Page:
DHR Health has launched a new study this week aimed at preventing immuno-compromised individuals from developing COVID-19.
After treating COVID-positive patients with monoclonal antibodies, DHR Health Institute for Research & Development will now begin administering those antibodies to people who are COVID-negative but may have been in contact with someone who is COVID-positive.
People who have been fully vaccinated but are considered high-risk are still vulnerable to develop COVID-19 when exposed to the coronavirus, explained Dr. Sohail Rao, president & CEO of the research institute.
“They normally develop infection because the infection has got little to do with the vaccination, it’s the disease which actually the vaccination prevents,” Rao said. “So they get infected and then some of them, if they’re at high risk, they develop disease which actually in some cases incapacitates them for a brief period of time.”
Those at risk are Hispanic individuals, African-Americans, as well as those who are immuno-compromised such as the elderly or people with diabetes.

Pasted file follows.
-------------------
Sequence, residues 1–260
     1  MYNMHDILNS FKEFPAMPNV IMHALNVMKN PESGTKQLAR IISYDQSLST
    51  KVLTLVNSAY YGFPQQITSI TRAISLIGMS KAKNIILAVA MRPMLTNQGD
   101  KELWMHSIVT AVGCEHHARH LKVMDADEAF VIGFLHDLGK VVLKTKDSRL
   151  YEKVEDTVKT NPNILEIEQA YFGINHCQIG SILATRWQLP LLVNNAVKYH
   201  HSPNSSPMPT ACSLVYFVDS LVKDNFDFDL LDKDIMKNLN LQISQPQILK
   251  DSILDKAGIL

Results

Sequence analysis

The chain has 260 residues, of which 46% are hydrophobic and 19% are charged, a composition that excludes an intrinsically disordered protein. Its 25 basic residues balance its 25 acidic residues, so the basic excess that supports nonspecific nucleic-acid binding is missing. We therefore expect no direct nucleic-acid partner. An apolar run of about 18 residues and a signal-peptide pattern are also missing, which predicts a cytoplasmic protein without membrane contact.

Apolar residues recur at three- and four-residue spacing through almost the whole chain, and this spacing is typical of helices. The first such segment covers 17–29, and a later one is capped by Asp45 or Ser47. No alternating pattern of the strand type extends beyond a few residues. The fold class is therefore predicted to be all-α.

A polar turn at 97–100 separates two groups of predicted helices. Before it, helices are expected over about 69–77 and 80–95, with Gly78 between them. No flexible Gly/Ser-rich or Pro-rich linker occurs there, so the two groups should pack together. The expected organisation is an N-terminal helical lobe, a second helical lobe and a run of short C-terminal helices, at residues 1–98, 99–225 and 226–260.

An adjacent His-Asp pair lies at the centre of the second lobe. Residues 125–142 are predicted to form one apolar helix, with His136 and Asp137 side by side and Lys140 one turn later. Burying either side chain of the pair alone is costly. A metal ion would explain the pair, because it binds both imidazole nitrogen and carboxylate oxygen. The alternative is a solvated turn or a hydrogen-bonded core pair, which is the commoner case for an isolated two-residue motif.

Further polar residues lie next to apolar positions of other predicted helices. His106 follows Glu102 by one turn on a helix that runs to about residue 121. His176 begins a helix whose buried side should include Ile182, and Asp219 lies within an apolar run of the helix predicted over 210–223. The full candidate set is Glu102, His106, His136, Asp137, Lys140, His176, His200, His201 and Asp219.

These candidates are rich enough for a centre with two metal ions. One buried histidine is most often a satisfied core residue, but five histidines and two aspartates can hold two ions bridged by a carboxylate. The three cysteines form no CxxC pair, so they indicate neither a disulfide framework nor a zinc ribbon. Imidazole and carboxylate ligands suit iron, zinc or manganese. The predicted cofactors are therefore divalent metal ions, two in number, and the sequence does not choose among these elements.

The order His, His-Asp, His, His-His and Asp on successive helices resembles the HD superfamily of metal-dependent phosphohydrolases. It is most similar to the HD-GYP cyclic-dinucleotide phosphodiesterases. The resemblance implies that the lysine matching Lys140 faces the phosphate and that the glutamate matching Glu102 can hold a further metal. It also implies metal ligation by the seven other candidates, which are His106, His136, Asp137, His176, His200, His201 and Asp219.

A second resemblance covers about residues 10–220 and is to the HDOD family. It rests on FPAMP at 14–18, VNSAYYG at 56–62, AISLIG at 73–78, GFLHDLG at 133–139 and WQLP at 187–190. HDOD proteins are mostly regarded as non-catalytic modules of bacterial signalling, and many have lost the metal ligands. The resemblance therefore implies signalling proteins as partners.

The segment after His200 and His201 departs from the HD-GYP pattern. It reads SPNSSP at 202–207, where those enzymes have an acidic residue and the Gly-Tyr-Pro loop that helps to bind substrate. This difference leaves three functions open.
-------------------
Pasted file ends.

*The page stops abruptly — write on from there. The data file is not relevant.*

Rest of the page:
Individuals, vaccinated or not, who meet that criteria and may have been exposed to someone with COVID-19 are encouraged to contact them immediately, Rao said.
“What we will do is that we will test you and make sure that you are COVID negative and, if you are, then we will bring you into a safe zone which we have created,” he said.
The safe zone within the research institute, called a “cold zone,” is away from DHR’s COVID units and away from the infusion center where COVID-positive patients are also being treated.
Once there, staff will infuse participants with a cocktail of two different antibodies — Casirivimab and Imdevimab — which are manufactured by Regeneron Pharmaceuticals. That antibody treatment is already administered to COVID-positive patients with mild symptoms.
The idea, Rao said, is that the treatment will bind to the virus, if there is any virus acquired from exposure, and the antibody will then eliminate it.
“And that will therefore prevent the onset of disease which may then require further treatment so that is the whole concept of this particular study,” Rao said. “The primary goal of this is the prevention of COVID-19, the disease itself.”
Those who participate will receive a single infusion of the antibody treatment which will take about 45 minutes to an hour and then they will be monitored for another 30 minutes to an hour.
Staff will then follow up with them the day after the infusion and then again 48 hours after the infusion.
For more information on the study, individuals can call (956) 362-2357 from 9 a.m. to 5 p.m. Monday through Friday.